Some teaties here a-doen in the pot;
I wish wi' all my heart I had some meat.
I got a little ceake too, here, a-beaken o'n
Upon the vier. 'Tis done by this time though
He's nice an' moist; vor when I were-a meakin o'n
I stuck some bits ov apple in the dough.
William Barnes (Dorset poet)
This is an extract from a poem dated 1835, entitled "Father Come Home" by William Barnes, the famous Dorset dialect poet. Here is a mention of an early Dorset apple cake - although I think it was a dough-type cake and not the sort we make today.
We are visiting friends tomorrow, and I have a thousand apples needing to be used up, so Dorset Apple Cake sprang to mind. Here is the recipe I used, from Dorset Food by Jo Draper.
SPICY DORSET APPLE CAKE
4 oz butter or margarine
4 oz caster or brown sugar
8 oz flour, S-R or adjusted
1 lb cooking apples
1 1/2 teaspoons mixed spice or a mixture to your taste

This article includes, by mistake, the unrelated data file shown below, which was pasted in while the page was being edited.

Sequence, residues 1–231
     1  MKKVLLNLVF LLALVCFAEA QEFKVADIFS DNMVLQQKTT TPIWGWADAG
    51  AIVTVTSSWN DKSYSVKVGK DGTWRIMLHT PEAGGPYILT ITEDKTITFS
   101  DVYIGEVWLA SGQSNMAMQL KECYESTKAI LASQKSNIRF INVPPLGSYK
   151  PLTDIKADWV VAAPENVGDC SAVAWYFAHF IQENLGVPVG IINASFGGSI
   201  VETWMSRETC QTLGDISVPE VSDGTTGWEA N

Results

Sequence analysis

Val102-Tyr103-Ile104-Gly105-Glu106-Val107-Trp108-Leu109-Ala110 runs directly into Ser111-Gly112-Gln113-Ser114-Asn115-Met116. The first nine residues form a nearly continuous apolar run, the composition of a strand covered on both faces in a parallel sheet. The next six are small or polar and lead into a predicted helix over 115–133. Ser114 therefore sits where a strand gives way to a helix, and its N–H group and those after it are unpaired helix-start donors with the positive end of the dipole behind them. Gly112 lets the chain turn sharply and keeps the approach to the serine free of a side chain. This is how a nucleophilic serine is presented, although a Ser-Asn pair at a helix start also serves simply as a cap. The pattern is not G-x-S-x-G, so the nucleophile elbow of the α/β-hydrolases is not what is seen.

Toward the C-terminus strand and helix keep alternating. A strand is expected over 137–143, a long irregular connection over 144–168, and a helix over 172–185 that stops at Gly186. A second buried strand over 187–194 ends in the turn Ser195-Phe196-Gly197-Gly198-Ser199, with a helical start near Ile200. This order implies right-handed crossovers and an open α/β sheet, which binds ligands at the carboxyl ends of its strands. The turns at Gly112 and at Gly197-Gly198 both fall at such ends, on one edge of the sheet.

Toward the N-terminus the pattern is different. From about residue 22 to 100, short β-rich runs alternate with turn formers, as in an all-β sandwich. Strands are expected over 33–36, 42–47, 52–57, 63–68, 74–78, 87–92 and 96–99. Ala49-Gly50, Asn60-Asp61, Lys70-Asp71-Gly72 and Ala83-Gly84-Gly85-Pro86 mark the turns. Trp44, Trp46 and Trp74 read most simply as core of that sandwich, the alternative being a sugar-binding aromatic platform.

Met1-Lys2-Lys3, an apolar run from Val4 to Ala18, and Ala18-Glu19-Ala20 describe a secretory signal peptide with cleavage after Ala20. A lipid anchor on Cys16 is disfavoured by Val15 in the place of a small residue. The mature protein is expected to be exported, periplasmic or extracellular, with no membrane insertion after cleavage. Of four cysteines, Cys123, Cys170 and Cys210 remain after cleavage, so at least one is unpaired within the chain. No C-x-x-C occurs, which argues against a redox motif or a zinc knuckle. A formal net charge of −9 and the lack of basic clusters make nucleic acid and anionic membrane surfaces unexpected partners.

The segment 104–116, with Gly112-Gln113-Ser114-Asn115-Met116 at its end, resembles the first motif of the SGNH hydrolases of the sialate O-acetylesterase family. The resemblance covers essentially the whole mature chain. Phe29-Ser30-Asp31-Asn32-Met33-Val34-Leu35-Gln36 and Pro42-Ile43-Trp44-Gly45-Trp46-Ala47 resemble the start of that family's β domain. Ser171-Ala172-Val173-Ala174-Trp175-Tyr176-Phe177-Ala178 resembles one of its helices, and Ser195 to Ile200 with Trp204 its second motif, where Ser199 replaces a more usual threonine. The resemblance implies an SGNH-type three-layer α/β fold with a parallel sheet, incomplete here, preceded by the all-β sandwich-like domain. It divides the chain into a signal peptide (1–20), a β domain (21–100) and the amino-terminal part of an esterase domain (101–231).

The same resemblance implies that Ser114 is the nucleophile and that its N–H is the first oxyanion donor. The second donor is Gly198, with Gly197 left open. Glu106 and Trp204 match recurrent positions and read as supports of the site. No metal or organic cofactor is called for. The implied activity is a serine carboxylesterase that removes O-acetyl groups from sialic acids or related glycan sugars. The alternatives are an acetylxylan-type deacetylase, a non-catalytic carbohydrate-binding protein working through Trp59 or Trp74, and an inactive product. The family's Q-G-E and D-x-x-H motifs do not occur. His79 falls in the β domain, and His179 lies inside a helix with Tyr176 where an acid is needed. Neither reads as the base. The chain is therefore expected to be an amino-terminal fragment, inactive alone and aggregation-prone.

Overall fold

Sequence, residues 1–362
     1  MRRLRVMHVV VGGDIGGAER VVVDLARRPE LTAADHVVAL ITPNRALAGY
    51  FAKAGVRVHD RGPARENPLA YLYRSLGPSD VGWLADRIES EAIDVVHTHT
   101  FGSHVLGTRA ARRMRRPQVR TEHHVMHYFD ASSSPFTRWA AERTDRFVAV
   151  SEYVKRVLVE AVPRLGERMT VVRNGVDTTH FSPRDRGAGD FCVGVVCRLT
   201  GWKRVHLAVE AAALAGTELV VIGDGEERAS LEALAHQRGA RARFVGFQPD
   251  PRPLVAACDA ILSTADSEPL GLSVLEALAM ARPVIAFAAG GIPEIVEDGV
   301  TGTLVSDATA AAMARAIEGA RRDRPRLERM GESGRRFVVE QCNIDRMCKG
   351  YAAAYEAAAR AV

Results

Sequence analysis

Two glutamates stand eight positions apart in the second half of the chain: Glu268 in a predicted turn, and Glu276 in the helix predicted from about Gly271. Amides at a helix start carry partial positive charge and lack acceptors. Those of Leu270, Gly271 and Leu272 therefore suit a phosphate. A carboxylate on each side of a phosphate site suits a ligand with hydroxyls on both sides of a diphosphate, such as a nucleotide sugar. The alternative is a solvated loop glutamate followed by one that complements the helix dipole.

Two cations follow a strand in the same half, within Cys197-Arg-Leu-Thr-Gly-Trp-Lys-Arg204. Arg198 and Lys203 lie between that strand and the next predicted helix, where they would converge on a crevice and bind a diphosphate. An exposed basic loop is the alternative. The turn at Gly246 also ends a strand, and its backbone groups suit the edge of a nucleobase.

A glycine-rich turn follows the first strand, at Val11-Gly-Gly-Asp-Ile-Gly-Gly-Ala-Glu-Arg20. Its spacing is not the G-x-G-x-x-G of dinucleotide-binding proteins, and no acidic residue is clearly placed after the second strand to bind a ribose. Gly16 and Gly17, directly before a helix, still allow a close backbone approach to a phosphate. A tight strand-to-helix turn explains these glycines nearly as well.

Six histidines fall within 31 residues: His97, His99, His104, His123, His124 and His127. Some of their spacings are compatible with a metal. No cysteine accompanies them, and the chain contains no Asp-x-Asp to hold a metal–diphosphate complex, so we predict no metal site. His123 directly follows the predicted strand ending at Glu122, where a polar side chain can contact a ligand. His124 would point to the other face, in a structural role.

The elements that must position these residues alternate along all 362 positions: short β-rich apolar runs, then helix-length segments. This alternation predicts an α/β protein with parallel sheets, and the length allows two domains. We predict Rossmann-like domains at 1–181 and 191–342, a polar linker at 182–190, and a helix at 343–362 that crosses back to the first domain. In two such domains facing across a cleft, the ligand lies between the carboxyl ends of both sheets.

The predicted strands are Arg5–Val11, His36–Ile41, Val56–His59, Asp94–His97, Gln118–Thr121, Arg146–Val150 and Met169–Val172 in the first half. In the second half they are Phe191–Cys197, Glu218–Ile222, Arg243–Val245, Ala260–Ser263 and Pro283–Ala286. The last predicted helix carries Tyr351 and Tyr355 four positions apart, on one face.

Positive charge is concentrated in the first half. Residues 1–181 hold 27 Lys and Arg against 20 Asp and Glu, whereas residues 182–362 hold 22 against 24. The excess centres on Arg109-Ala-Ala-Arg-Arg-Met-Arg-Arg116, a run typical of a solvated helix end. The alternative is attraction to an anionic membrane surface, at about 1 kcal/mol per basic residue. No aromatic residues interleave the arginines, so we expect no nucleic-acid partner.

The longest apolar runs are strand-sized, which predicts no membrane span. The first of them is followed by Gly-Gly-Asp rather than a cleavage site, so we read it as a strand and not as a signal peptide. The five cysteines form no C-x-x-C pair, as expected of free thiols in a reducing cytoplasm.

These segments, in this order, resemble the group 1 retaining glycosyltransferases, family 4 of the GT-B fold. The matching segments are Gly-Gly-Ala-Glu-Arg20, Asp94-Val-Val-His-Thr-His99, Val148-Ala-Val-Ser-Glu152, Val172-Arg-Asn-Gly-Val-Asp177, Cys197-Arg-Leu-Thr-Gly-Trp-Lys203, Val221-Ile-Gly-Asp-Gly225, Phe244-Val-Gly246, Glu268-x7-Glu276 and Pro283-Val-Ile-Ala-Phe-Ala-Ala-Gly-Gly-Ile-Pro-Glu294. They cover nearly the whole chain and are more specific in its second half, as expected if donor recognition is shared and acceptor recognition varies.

3 oz currants or sultanas
Rub the margarine and the flour together, add the spices, sugar, peeled, cored and sliced apples, currants and the beaten eggs. Put the mixture in a large greased cake tin (10 inch round or 8" square) and bake at gas mark 6 (425F, 218C) for 35 - 45 minutes. The large amount of apple makes the cake a little fragile, so leave in the tin for 5 minutes or more before removing. If you do not have a large cake tin, use two smaller cake tins and reduce the cooking time a little.
In the past I have arranged sliced apple around the top of the cake, but these can scorch so may need a covering of foil if this happens towards the end of the cooking time. Good as a hot pudding too, with cream or custard. . .
Mine is still baking in the oven, and I will include a photo later - here it is before it went in:
And after it came out. It might now, actually, be a couple of slices smaller! It is SCRUMMY!!! I shall take slices tomorrow, rather than 2/3 of a cake . . . Cunning eh?
Photos also of last night's quick pizza (excuse the battered old tin plate - one my OH brought back from t'other side of the world, and still useful!):
I was able to use my lactose-free cheese on the top.
Lastly, getting the most from the slow-cooker - here it is helping along a 2nd proving of a little loaf:
It was still nice and toasty from cooking the jacket spuds all afternoon long.